I admit I was surprised to find out that I could listen to your albums for free, but then again, with the internet being so open, even free music has tons of competition! On a practical note, I know making music, distributing, marketing, etc. costs money. Do you hope fans to support you via going to your concerts or purchasing merchandise? I guess I’m trying to understand the business model because for myself, as a writer, I really like to eat from time to time!

Oh, we do make some money with our music even if its free. For example we make money selling licenses for commercials, websites or stuff like that. We release under creative commons license Attribution-ShareAlike which means you can use our music for free but you have to respect some limitations. Now if someone wants to use it beyond these limitations they have to pay (or ask us nicely). This is where a big part of our money comes from. The biggest part, however, comes from our live-concerts. Putting our music out for free means we get a bigger audience and that means playing gigs gets easier.

Another part of our income is from donations. A lot of people who likes or music decides to pay for it, not because they have to, but because they want to. That’s quite cool.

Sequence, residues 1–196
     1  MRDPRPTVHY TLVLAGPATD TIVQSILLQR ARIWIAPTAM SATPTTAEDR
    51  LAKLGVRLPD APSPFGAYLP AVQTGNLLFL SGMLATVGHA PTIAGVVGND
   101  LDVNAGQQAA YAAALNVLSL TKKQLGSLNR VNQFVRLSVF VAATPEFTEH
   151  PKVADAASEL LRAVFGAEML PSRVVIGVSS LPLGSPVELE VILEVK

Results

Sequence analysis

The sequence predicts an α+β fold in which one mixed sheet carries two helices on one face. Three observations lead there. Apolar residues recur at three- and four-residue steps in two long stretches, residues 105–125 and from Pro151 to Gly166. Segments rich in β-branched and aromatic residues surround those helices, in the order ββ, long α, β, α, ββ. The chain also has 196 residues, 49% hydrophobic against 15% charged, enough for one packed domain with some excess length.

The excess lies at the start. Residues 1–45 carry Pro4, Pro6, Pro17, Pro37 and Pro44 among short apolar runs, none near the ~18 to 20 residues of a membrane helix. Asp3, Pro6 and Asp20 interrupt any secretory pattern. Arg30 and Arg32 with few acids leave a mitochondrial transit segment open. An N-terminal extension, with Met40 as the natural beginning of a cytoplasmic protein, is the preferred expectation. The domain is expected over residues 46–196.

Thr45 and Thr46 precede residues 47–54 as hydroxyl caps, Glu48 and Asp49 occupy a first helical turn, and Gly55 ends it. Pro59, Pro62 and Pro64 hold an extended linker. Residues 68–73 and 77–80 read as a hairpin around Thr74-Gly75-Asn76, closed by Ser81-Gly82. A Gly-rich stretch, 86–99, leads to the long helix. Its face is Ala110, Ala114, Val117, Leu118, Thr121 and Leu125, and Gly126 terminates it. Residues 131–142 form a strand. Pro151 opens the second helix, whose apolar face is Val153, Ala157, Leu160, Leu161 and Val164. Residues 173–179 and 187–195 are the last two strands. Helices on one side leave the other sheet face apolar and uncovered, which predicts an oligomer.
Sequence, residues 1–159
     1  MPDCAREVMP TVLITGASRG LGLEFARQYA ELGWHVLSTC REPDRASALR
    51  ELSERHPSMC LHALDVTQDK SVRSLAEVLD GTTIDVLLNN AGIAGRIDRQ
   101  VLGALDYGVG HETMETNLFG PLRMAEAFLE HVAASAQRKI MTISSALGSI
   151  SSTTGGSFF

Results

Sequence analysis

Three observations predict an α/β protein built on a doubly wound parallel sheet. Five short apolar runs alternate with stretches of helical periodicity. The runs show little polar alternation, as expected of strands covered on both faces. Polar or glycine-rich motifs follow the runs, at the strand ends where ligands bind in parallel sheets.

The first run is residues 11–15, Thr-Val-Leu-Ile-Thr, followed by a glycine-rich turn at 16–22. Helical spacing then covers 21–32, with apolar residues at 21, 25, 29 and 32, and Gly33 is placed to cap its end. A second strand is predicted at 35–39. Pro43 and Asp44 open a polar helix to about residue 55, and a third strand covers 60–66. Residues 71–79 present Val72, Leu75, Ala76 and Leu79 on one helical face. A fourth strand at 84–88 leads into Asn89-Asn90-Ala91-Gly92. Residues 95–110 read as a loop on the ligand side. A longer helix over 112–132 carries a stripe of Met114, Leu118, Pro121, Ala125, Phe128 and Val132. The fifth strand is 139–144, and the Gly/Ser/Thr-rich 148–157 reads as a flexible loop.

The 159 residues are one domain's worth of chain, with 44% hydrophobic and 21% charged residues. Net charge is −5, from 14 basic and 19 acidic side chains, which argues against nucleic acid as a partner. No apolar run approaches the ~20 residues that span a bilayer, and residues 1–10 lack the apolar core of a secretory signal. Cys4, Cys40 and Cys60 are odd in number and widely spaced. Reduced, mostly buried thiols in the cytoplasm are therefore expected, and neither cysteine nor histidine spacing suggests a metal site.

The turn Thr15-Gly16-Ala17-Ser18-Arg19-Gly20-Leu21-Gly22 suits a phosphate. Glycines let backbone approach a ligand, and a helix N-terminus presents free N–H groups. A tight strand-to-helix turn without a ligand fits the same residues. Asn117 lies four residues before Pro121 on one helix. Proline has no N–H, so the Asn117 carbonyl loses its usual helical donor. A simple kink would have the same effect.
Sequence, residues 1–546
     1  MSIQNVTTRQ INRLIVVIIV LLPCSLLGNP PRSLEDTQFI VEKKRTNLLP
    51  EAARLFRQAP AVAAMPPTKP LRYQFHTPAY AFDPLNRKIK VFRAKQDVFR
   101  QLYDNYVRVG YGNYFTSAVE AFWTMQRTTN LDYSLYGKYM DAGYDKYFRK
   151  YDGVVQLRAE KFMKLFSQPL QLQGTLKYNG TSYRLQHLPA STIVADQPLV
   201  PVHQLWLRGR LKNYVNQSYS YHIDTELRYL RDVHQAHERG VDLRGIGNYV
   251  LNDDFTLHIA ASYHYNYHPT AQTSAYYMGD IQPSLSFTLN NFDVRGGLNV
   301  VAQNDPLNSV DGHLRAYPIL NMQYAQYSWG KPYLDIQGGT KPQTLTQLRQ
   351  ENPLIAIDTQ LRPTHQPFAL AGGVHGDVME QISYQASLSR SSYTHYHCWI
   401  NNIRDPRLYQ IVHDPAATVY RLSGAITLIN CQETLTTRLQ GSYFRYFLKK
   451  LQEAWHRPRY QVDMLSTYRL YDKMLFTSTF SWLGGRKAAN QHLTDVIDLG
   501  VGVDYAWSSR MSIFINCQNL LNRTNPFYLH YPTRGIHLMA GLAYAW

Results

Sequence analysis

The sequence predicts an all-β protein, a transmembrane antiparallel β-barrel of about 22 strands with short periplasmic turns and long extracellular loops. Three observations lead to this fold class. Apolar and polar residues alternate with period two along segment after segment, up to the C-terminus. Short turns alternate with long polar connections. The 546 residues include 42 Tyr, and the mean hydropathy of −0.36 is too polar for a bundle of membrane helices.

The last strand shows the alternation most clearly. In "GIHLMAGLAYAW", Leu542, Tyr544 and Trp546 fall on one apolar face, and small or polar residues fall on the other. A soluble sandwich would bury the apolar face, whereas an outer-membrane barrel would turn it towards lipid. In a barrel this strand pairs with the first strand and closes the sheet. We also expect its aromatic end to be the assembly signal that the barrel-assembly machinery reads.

And as you know, we started a crowd funding campaign to cover the costs for our third CD. As it turns out it is working really well!

Making money while being an artist is not easy. That’s why we all have other jobs to pay for rent and food. It would be nice to make a living out of music but on the other hand, this way we don’t have to obsess us too much about the money and can just make music.

What are the big dreams for this band? Does it include travelling to different cities in the world?

We’re quite happy the way that things are right now. I mean, you always want more, get more audience, be more famous, earn more money, that I think is quite human; but we are real good at the moment with our band. We have an audience when we play live, our music is listened to all over the world and we even got our new album financed by our fans and friends so there is not much left to ask. It would be nice though to play more international shows.

OK, one thing I really hope for is to be there in like 20 years, still playing music, still having fun and still having an audience who wants to listen to what we do. I guess that would really be a great thing.

Once again, thank you again for spending some time with me!

Readers, please have a look on Verkami for The Freak Fandango Orchestra’s We’ll Save the World cd project…I had to support them in saving the world, someone has to do this dirty job!   As mentioned in their video, their music will lift up our spirits from brainless shadows and broken spirits!